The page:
US Customs & Border Protection (CBP) agents have recently set up immigration checks in Maine, New Hampshire, and Vermont to question motorists about their citizenship status as part of immigration enforcement actions under the Trump administration.
CBP agents made nine drug seizures and two arrests for immigration violations during an 11-hour checkpoint Wednesday, reports CBS Boston.
During the weekend of June 15-17, five illegal aliens were arrested from “Brazil, China, Ecuador, El Salvador and Mexico,” according to CBS Boston.
The checkpoints are “a means of preventing smuggling organizations from exploiting existing transportation systems to travel to the interior of the United States,” the CBP said in a statement.
The Supreme Court has affirmed that the CBP can conduct immigration checks that are a “reasonable distance” of 100 air miles from U.S. borders and coastlines. Officers also have the ability to ask about their citizenship status irrespective of any suspicion.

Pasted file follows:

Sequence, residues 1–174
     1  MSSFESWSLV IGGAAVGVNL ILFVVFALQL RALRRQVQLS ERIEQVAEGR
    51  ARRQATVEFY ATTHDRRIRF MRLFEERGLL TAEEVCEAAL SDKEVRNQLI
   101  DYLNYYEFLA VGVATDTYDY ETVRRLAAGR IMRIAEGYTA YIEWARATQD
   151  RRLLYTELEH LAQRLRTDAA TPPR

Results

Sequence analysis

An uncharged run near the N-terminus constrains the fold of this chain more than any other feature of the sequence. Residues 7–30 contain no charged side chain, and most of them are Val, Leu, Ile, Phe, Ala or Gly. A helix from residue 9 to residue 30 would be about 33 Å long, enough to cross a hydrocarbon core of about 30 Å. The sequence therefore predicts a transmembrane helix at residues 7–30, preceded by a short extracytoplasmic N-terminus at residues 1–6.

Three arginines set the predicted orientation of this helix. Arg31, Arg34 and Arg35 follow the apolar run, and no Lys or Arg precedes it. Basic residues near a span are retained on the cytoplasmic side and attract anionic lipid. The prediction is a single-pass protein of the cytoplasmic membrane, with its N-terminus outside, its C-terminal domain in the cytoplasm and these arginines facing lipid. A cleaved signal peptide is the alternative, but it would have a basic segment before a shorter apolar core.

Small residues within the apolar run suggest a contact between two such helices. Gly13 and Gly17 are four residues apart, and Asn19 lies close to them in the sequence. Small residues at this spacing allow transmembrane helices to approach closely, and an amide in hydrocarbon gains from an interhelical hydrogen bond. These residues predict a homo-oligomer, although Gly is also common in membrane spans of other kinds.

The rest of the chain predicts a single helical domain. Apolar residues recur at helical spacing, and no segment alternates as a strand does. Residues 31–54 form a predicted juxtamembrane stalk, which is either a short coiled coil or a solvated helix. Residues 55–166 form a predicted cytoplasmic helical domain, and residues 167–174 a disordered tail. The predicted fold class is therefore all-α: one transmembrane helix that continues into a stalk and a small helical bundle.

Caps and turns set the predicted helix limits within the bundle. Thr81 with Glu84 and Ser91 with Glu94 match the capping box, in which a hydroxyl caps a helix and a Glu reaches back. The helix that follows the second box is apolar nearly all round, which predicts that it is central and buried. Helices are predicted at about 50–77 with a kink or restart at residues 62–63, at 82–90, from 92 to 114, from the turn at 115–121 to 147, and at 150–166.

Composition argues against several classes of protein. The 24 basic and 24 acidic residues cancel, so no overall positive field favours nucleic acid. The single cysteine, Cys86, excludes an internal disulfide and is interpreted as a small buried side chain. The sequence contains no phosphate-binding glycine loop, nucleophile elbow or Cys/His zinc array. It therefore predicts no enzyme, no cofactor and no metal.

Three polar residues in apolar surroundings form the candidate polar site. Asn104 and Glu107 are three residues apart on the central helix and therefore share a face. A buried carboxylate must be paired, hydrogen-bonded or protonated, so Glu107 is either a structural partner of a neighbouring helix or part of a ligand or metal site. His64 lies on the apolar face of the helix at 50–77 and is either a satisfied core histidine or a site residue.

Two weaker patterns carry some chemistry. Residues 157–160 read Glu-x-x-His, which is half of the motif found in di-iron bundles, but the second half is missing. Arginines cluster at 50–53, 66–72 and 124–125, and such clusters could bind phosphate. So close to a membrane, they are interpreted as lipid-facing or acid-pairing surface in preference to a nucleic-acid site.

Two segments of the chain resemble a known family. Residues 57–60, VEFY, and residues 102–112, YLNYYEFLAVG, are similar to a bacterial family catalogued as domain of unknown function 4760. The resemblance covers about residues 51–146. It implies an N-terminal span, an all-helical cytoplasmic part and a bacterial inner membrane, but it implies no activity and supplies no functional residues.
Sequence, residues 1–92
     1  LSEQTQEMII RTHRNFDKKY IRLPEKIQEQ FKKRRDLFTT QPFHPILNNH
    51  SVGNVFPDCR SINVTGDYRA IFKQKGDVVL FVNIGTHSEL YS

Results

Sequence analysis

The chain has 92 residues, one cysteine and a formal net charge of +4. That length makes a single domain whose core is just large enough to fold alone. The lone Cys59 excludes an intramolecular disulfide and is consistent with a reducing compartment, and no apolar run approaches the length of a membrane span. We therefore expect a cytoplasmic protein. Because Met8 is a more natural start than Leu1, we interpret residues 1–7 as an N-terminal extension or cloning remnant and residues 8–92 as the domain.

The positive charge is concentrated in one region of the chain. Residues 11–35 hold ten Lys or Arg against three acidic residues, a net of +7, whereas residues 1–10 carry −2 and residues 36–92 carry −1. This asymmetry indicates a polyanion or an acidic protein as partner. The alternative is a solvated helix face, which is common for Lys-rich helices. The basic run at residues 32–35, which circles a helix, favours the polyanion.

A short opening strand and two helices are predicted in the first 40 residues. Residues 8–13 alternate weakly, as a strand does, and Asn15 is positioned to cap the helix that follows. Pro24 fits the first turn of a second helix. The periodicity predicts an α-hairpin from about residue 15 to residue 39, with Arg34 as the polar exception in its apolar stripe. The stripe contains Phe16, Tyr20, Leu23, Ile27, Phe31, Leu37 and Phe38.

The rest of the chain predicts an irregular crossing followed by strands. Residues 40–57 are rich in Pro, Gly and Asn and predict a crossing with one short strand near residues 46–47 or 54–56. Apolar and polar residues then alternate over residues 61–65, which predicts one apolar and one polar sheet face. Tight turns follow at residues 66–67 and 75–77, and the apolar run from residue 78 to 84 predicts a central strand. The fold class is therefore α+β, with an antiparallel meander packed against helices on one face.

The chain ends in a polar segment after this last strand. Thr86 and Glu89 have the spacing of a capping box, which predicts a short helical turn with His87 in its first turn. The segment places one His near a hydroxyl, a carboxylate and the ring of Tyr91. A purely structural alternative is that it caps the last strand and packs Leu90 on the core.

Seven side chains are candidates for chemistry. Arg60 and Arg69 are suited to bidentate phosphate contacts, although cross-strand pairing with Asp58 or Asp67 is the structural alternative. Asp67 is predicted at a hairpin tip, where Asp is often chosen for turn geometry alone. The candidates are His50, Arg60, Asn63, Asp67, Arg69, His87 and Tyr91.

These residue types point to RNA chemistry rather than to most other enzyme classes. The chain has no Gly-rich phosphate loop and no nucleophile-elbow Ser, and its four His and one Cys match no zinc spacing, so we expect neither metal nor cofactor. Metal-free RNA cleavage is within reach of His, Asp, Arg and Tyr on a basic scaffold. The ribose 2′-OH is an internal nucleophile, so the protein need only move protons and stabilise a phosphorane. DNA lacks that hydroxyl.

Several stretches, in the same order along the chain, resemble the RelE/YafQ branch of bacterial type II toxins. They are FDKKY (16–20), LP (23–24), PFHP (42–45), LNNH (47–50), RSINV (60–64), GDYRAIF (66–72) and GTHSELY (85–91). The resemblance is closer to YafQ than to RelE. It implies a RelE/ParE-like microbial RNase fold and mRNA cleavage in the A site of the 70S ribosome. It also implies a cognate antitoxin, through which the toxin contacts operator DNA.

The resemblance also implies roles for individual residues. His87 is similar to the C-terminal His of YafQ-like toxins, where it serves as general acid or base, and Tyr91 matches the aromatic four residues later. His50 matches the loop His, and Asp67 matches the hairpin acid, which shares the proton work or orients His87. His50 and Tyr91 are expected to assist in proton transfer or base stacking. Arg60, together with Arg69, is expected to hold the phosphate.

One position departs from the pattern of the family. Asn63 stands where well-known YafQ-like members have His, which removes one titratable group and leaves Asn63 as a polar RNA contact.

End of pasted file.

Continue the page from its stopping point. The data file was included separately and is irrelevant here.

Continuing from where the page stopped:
“Travelers have the right to remain silent,” the CBP statement continued. “Travelers who cooperate are passed through quickly, unless the agent suspects they are in violation of federal law. Travelers who refuse to cooperate may be referred to a secondary examination area to allow agents to conduct additional questioning to determine the traveler’s citizenship or residency.”
The American Civil Liberties Unions in Maine, New Hampshire, and Vermont filed suit against the US Department of Homeland Security, Customs and Border Protection and the Immigration and Customs Enforcement in May. They are seeking records concerning local immigration enforcement actions, including bus raids, checkpoints, ICE arrests at previously safe locations like courthouses, and the alleged targeted arrests of immigrants’ rights activists.